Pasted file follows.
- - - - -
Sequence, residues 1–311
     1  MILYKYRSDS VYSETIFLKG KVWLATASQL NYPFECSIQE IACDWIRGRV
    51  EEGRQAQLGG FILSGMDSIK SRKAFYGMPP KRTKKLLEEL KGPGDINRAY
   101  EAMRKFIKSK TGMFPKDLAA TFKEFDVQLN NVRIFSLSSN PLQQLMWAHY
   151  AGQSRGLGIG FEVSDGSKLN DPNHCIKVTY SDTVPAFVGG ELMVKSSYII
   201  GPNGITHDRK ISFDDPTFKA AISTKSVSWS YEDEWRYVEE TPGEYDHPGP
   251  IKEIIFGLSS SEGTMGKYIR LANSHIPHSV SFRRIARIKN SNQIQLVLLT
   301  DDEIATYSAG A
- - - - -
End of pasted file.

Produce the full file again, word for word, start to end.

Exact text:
Sequence, residues 1–311
     1  MILYKYRSDS VYSETIFLKG KVWLATASQL NYPFECSIQE IACDWIRGRV
    51  EEGRQAQLGG FILSGMDSIK SRKAFYGMPP KRTKKLLEEL KGPGDINRAY
   101  EAMRKFIKSK TGMFPKDLAA TFKEFDVQLN NVRIFSLSSN PLQQLMWAHY
   151  AGQSRGLGIG FEVSDGSKLN DPNHCIKVTY SDTVPAFVGG ELMVKSSYII
   201  GPNGITHDRK ISFDDPTFKA AISTKSVSWS YEDEWRYVEE TPGEYDHPGP
   251  IKEIIFGLSS SEGTMGKYIR LANSHIPHSV SFRRIARIKN SNQIQLVLLT
   301  DDEIATYSAG A